“I absolutely enjoy it — just being here with people I know and competing in the name of the Lord,” Caleb said. “For me, competing is the way to get better at something. So it’s challenging me to be a better leader.”

He grew up listening to the “Rick & Bubba Show” on the drive to school with his father.

“I always had that song in my head,” he said of the theme music.

Clint Blankenship, Sawyer’s dad, and Johnny Hall, father of Braden Hall, 17, coached the puppet team. 

“It was kind of my idea to do ‘Rick & Bubba,’” Clint said. “I’ve listened to the show for a long time. I love the show. I think they’re real funny, so I thought, ‘Let’s have some fun.’”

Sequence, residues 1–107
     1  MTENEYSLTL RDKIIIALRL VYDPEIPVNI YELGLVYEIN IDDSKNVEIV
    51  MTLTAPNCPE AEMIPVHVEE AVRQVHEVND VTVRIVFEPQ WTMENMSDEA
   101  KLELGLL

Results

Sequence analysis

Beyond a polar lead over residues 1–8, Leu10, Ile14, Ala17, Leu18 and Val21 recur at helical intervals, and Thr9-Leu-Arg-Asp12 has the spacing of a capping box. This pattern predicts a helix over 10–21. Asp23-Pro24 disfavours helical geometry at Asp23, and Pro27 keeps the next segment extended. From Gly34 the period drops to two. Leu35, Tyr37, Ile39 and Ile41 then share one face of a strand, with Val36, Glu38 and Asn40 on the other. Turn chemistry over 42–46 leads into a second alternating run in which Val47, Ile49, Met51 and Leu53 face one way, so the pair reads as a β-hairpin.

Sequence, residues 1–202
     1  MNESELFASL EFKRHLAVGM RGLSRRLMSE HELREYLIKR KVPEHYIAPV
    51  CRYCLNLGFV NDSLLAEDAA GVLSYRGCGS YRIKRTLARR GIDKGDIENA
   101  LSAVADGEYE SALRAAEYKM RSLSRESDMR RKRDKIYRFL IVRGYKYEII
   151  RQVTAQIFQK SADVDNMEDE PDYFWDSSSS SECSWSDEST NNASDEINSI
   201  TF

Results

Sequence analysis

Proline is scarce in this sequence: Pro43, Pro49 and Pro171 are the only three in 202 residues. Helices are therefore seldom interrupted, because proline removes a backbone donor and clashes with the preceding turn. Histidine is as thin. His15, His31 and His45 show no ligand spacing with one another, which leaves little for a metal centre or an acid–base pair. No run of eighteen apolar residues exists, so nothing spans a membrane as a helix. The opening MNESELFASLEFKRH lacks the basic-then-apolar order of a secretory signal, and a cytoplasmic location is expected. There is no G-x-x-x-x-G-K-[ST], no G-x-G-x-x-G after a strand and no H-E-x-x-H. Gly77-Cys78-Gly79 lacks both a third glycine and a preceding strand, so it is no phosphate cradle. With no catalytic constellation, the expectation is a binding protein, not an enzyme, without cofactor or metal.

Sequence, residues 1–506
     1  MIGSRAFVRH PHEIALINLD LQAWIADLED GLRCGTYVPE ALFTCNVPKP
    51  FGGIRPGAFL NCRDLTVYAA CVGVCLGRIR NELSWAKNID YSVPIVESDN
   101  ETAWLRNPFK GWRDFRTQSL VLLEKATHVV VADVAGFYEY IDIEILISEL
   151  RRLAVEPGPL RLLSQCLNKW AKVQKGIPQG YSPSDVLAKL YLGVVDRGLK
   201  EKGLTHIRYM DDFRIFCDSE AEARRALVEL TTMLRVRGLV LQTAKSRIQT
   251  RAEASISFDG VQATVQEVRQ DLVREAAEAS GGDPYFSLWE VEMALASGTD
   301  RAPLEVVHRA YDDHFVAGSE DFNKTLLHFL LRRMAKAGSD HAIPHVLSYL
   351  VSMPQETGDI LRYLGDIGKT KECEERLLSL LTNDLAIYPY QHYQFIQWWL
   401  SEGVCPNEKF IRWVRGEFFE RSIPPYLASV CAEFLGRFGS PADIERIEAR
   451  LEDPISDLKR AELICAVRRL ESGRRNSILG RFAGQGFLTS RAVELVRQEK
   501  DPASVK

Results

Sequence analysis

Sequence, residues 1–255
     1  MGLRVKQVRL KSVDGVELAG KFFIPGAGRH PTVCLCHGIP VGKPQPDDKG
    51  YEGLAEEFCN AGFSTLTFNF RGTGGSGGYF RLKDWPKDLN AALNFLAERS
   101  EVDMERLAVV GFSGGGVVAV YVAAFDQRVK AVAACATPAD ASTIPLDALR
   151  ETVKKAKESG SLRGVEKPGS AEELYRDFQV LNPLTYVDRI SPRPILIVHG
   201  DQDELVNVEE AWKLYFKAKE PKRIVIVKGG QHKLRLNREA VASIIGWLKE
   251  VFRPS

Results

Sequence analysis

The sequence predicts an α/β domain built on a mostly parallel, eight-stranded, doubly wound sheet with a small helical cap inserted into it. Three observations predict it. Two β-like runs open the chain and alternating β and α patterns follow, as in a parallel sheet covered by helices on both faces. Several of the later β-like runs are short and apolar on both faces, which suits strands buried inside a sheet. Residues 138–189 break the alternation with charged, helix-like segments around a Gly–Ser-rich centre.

Braden served as the voice of Paul. Porter Johnson, 15, played Speedy. And Eli Warren, 16, did double duty as Garry “The Bulldozer Man” Vines and Jake from State Farm.

Speedy introduced special guest Paul as “a recovering Christian hater who now lets them live and serves their God. He preaches all over the Roman Empire spreading the message of hope that Jesus came to the Earth to die for everyone.”

“I’ve listened to the show for a long time. I love the show. I think they’re real funny, so I thought, ‘Let’s have some fun.’”

A puppeteer from Ukraine

The sixth member of the puppet team — Bogdan Ryaboshapka, 18 — is a relative newcomer to Lads to Leaders.

“It’s amazing stuff.”

The Ukrainian refugee’s family relocated to Alabama after the Russian invasion in 2022.